While these passages certainly are not ringing endorsements of lawsuits, it is important to keep in mind that they do not terminate the tort compensation system that Exodus established. In light of this, I firmly believe that pursuing rights through the tort system is faithful to Scripture.
Fourth, pursuing your legal rights after you have been injured may help others who are powerless and poor. The Bible has many references to our need to seek justice and help the destitute and powerless. The prophet Isaiah often cried out about our need to seek justice, to correct oppression, to bring justice to the powerless, and to plead the widow’s cause. Some Christians get nervous when some of these justice verses are mentioned, as they feel the concepts of justice can greatly liberalize doctrine and the Gospel. Despite this concern, there is unquestionably a current of justice that sweeps through Scripture, and I believe that pursuing certain lawsuits goes to the heart of obtaining justice and helping the destitute and powerless.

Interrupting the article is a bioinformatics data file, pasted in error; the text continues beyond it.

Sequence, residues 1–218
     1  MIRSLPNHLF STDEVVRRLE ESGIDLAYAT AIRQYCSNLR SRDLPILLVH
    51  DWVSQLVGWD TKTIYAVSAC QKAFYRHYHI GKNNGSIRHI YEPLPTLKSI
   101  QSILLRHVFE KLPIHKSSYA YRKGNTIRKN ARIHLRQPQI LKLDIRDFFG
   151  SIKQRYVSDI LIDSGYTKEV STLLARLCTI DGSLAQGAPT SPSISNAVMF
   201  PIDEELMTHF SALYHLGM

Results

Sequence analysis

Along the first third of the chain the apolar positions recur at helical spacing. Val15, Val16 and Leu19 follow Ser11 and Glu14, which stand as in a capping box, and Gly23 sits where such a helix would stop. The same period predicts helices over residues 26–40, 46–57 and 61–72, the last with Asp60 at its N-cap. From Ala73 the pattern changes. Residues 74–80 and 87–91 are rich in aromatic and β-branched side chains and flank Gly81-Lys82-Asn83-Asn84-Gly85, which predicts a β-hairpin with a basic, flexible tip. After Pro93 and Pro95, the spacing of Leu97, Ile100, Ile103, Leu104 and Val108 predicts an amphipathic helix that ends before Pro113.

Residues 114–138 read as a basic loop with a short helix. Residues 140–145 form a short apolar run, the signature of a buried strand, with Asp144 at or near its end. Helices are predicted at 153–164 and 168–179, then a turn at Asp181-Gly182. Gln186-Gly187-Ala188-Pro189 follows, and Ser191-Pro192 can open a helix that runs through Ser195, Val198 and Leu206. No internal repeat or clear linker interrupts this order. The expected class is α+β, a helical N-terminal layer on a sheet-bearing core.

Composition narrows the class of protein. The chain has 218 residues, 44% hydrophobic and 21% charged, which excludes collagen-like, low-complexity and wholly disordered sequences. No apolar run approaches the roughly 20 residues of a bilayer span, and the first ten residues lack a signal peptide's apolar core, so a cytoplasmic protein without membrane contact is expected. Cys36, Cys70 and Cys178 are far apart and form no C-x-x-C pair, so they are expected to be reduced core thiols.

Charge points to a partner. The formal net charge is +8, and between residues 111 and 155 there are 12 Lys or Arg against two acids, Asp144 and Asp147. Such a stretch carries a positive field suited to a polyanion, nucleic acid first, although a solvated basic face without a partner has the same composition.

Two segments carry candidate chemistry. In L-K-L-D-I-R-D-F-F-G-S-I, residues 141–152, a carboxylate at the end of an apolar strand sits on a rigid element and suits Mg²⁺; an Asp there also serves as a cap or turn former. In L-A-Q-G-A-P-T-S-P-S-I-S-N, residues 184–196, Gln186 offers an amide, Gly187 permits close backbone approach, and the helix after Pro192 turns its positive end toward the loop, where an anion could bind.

The best example of this is pursuing an injury claim for a dangerous product. Say a corporation makes a product that it knows is dangerous. It knows that the product will injure, maim, or kill many people. And the corporation’s officers may know that the company could make inexpensive changes to the product to prevent many of those injuries. But it chooses not to make those changes because it wants to have higher profits. (There is nothing wrong with a corporation seeking profits; my example is of a corporation knowing that it can prevent injuries or deaths in an inexpensive, simple way, but it refuses to because it wants more money.)